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Agricultural regions in Europe turning into no-rights zones

All over Europe, migrants face serious human and labour rights violations in the agricultural sector. Embedded in a system of generalised competition in global markets, the agroindustry requires an ever-increasing pool of flexible and cheap labour. In Italy 55% of seasonal work is done by migrant workers. 28,9% of the agricultural work force of Andalucía. In certain EU countries, there’s even the desire to make asylum seekers available to agri-food employers.

A new ECVC publication shows how utilitarian migration policies that discriminate against and exploit foreign workers are turning many agricultural regions in Europe into no-rights zones.

Last year, after filing a complaint against employers and foremen for sexual assault and labour violations, close to 100 women from Morocco working as strawberry pickers in Andalucia were expelled and sent back to their home country. This incident is just the latest example of a reoccurring trend across Europe’s agricultural fields: the exploitation of migrant workers in almost complete impunity.

A major element is often overlooked: The role played by labour intermediaries in the abuse and exploitation of workers. In the case of the strawberry pickers of Andalucía, it was the EU that funded the recruitment venture of these women (15 000 female workers in 2018), which it outsourced to a Moroccan employment agency. To ensure exemplary temporary migration, instructions were given to recruit the cheapest and most vulnerable categories of society: rural women with children, who can only understand Arabic.

EU legal provisions allow national labour legislation to be circumvented, to the benefit of intermediaries, and nearly always to the detriment of workers, particularly migrants, resulting in the systemic and structural violation of fundamental rights such as the right to a fair income, the right to appropriate working conditions, the right to movement, and the prohibitions of slavery and forced labour.

Ending this trend of exploitation will require, first and foremost, social, labour and immigration policies based on the unrestricted respect for the rights of migrant and agricultural workers. And all this must be done within a radical reorientation of the agri-food production and distribution systems, away from the economy of exploitation of resources and human beings that is promoted by the agroindustrial model.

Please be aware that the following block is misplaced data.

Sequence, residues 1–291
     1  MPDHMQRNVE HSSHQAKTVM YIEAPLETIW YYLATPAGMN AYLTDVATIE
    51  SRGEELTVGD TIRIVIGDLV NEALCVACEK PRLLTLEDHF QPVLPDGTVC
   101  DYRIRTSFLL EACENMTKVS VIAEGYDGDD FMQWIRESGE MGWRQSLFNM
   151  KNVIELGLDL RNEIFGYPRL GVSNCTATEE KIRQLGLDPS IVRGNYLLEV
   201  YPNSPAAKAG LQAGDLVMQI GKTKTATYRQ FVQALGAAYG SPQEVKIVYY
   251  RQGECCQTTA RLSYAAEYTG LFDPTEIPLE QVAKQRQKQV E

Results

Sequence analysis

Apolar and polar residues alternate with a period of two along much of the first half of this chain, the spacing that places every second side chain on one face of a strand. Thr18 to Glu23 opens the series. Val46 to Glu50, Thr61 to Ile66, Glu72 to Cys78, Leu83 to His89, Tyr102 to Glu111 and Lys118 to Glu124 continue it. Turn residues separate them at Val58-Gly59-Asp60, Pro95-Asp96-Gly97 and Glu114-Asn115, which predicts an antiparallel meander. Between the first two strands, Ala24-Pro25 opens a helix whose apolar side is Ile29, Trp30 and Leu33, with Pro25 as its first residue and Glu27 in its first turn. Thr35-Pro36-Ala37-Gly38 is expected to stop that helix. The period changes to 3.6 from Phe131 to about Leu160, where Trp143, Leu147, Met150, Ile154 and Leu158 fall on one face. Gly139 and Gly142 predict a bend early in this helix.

In a blog post last June we wrote about how the exploitation contributes to the supply chains of the everyday goods and services we take for granted – from the food on our plates, to the shirts on our backs.

A FRA report revealed that over half of the workers found their jobs by word of mouth but ended up in ‘concentration camp conditions’ where ‘they keep us like dogs, like slaves’. FRA researchers found that some of the EU’s exploited migrant workers are:

  • paid as little as €5-a-day

  • forced to pay debts to traffickers before earning a cent

  • working 92-hour, seven-day weeks, with no holiday or time off

  • sleeping in shipping containers, with no water or electricity

  • monitored on CCTV 24/7 by bosses

  • subjected to beatings, verbal abuse and threats of further violence

  • given no protective clothing to work with hazardous chemicals

  • face sexual and gender-based violence or forced into moving drugs

  • threatened of dismissal and deportation when they ask for their wages.

Source: European Coordination Via Campesina report, “Sowing Injustice, Harvesting Despair: Abuse and Exploitation of Foreign Agricultural Workers”. Available in French and English


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